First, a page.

Whole Spice Lahore Curry

This is the best Indian curry I’ve ever made at home – I slightly augmented the recipe, of course, but you can find the proper one here. I’ve been meaning to learn how to make a proper curry for ages; by ‘proper’ I mean one that doesn’t involve any jars of paste or sauce, curry powder or even a shop-bought garam masala. I’ve made a few Thai style curries (like this red curry with langoustines) and even a Burmese one, but Indian has eluded me. I’ve made some good attempts, but nothing that really made me feel like I’d hit the mark. Until now, of course – and on the back of this success I bought myself a Madhur Jaffrey book to work through, hopefully I’ll be making Indian food like a pro before too long. Maybe even a pro chef – making curry like a pro poker player wouldn’t necessarily mean any improvement. Depends on the poker player, mind you.

The changes I made to the recipe were as follows… I reduced the amount of chicken – I put in six chicken thighs. I’ve never jointed a bird (or anything else) before and I didn’t really feel like trying it, to be honest. Also, chicken thighs are my favourite part, and this way I didn’t have to fish about in the finished product, trying to make sure I got one. This would be made more difficult by the fact that I have no butchery skills so all the chicken pieces would all resemble something cast aside by a wolverine, rather than any recognisable part of a chicken. I also altered the marinade for the chicken and potatoes by using tandoori masala (alright, so I did ‘cheat’ here, for a given and very strict value of ‘cheat’) in place of cayenne pepper. I used twice as much, too, because it’s a less spicy flavour.

It's not pretty when you look at it close up, but it is delicious!

The first step of the recipe asks you to finely chop the onions, garlic and ginger in a food processor. Lacking one, I made a paste of them in my mini-blender. I loved that mini-blender, I used it for something almost every day and when it broke (right in the middle of blending something, prompting a mad dash out to a local shop in too-big boots, which must have been hilarious to watch) I was very sad. I got a stick blender as a temporary replacement, and just after Christmas there I bought myself a shiny Kenwood food processor/blender to fill the gap that was left when my Kitchen Genie went to toaster heaven. I haven’t tried the food processor yet, but I’m very excited about it… I digress. Using a paste made it more difficult to extract the cinnamon stick and green chili and required a bit of scraping them off over the pot. Being down to my last bits of cinnamon and having to use several pieces instead of just one made this particular task all the more enjoyable, as you can imagine. Save yourself the headache by finely chopping the onion, ginger and garlic and always making sure that you have plenty of whole cinnamon sticks, that’s my advice.

My final four changes to the recipe were additions; for one, I added the green chili back into the pot while the sauce simmered, to give more spice without the unwelcome surprise of biting into a particularly hot slice of unexpected chili. I

The sauce was even more orange than it looks here. Very orangey.

like chilis, and spicy food, but an unexpected one can have the embarrassing consequences of eye-watering, face-reddening and hitherto unthought of combinations of swear words which might shock your dinner guests. For the last ten minutes of cooking, I also added a couple of blocks of frozen spinach, a generous handful of frozen peas and a can of chickpeas. The chickpeas were there to make up for the missing chicken pieces, and also because I love chickpeas so much that I feel a curry is incomplete without them. The spinach was there for extra nutrition and flavour, but it had the welcome side-effect of reducing the slightly concerning orange colour of the sauce. It really was quite orangey. All natural colours, of course, but still – if you’re going to insist on not using a jar of sauce you’d rather that the end result didn’t look like it had been pumped full of nuclear food dye.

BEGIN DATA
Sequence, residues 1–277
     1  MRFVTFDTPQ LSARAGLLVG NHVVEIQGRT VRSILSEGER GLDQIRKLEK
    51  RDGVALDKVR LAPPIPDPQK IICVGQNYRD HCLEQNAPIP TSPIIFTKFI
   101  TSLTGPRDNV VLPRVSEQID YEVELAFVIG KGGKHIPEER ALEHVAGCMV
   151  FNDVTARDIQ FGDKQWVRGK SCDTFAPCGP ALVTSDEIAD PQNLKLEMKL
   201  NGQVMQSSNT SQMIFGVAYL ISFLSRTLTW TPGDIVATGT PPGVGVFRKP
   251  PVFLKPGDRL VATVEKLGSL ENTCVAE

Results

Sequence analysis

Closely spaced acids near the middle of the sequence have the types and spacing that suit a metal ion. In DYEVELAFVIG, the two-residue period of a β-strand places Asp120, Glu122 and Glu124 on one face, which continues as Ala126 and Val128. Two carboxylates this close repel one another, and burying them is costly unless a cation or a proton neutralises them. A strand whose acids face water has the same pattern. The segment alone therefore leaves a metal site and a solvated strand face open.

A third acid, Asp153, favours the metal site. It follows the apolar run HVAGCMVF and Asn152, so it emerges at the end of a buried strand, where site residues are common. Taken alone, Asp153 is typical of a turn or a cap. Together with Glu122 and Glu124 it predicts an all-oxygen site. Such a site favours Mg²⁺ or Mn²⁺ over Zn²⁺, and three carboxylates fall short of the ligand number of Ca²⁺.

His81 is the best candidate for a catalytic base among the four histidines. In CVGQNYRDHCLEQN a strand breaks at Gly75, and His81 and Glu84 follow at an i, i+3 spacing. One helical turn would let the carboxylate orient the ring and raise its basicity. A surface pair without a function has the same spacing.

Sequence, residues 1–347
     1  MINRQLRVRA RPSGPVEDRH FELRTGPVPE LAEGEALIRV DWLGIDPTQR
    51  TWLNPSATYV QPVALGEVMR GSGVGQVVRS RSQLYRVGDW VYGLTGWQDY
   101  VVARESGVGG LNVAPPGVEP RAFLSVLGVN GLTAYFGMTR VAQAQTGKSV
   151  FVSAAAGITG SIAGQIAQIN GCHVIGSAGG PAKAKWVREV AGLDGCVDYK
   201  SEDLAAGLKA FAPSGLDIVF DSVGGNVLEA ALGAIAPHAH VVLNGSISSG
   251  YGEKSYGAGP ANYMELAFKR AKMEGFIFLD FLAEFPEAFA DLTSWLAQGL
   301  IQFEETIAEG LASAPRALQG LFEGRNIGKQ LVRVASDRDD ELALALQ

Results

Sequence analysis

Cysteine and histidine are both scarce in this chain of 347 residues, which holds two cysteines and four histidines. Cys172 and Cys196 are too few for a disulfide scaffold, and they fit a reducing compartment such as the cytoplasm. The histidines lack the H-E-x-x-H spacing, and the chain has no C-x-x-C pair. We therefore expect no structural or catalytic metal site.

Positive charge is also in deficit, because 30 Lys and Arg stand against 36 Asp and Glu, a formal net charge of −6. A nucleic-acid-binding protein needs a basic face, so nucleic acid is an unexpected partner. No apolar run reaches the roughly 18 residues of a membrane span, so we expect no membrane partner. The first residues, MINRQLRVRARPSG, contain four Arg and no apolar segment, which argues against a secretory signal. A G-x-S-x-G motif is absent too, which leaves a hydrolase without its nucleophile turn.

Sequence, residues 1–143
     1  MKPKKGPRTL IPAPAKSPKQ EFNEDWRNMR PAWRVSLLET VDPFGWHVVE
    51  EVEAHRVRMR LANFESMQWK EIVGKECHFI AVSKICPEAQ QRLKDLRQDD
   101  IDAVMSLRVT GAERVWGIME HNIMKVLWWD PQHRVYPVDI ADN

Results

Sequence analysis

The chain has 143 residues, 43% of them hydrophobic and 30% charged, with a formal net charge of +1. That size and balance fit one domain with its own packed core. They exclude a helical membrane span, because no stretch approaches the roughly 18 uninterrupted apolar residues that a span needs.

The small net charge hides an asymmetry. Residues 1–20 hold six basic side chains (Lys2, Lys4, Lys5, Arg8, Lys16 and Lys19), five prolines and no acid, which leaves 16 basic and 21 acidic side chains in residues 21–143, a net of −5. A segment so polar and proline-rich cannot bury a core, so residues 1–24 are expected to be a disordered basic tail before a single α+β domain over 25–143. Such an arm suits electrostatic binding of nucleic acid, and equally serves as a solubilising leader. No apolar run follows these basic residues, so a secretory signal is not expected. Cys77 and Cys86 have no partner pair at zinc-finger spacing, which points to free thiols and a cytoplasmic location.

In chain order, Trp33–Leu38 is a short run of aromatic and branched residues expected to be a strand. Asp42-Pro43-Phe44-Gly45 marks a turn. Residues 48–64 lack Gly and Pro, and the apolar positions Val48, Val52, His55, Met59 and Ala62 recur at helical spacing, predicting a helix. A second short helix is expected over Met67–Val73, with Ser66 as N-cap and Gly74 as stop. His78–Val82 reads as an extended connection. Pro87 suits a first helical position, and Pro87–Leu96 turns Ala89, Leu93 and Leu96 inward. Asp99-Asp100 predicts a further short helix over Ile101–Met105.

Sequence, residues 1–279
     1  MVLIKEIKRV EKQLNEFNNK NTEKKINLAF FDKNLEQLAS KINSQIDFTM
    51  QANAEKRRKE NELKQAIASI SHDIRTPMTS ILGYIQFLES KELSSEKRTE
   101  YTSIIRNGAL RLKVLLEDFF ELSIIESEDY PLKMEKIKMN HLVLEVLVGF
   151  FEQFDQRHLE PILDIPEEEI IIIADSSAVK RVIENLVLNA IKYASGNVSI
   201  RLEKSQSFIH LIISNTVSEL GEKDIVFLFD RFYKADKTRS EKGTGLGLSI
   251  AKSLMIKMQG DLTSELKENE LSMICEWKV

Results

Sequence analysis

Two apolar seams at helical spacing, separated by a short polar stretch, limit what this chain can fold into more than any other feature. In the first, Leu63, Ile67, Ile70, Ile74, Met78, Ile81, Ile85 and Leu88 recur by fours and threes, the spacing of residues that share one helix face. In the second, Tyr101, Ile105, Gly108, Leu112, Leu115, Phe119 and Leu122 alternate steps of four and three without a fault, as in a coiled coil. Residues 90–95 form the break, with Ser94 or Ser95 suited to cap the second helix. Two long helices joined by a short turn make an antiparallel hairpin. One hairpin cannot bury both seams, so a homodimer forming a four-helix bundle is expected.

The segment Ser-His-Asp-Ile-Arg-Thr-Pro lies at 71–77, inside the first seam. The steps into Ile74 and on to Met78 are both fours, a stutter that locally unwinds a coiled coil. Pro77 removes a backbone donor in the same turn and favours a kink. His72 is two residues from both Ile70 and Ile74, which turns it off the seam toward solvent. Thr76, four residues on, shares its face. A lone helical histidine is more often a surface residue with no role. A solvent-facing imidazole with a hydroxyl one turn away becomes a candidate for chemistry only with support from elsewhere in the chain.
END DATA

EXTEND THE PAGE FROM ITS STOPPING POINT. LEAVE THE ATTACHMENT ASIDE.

To go with the curry, I boiled some white rice and made some naan bread. I’d made excellent naan bread once before and I couldn’t find the recipe anywhere, which as you can imagine was pretty annoying. I cast around for a substitute recipe and went with this one, though I used ’00’ flour (sometimes called pasta flour) instead of plain, for a more chewy bread. Making these was good fun – my main advice would be not to stretch the dough out very thinly, because the thick, chewy parts are the best. It bubbled up quite pleasingly in the frying pan, and got a few good scorched bits, too. I wish I could remember where I got my last recipe, though – it had potato in it, and it was almost as good as the real deal. Next time perhaps I’ll try and experiment with making my own recipe, it may even be a sourdough naan, since I’m a bit besotted with my sourdough starter at the moment.

From humble beginnings...

Wow, I took a lot of photos of that bread…

I finished the curry off with coriander, as suggested in the recipe, and even made a little hill of rice by lightly packing it into a ramekin before turning it out onto the plate. Not the finest execution of this move but still, it’s the thought that counts… Or is that only in presents?

About Rock Salt

Seasoning while rocking out since 1983. View all posts by Rock Salt

4 responses to “Whole Spice Lahore Curry

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